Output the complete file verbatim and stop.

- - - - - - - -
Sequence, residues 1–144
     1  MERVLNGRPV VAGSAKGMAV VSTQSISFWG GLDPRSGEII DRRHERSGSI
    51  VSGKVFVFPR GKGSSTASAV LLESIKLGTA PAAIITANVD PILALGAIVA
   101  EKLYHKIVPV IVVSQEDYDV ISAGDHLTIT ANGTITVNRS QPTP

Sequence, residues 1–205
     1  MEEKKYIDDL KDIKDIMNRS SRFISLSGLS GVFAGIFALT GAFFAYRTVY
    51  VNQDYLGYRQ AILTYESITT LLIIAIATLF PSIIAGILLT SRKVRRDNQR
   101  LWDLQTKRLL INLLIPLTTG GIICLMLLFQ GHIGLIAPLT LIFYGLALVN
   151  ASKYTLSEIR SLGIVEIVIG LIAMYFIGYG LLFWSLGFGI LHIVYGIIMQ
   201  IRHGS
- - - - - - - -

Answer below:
Sequence, residues 1–144
     1  MERVLNGRPV VAGSAKGMAV VSTQSISFWG GLDPRSGEII DRRHERSGSI
    51  VSGKVFVFPR GKGSSTASAV LLESIKLGTA PAAIITANVD PILALGAIVA
   101  EKLYHKIVPV IVVSQEDYDV ISAGDHLTIT ANGTITVNRS QPTP

Sequence, residues 1–205
     1  MEEKKYIDDL KDIKDIMNRS SRFISLSGLS GVFAGIFALT GAFFAYRTVY
    51  VNQDYLGYRQ AILTYESITT LLIIAIATLF PSIIAGILLT SRKVRRDNQR
   101  LWDLQTKRLL INLLIPLTTG GIICLMLLFQ GHIGLIAPLT LIFYGLALVN
   151  ASKYTLSEIR SLGIVEIVIG LIAMYFIGYG LLFWSLGFGI LHIVYGIIMQ
   201  IRHGS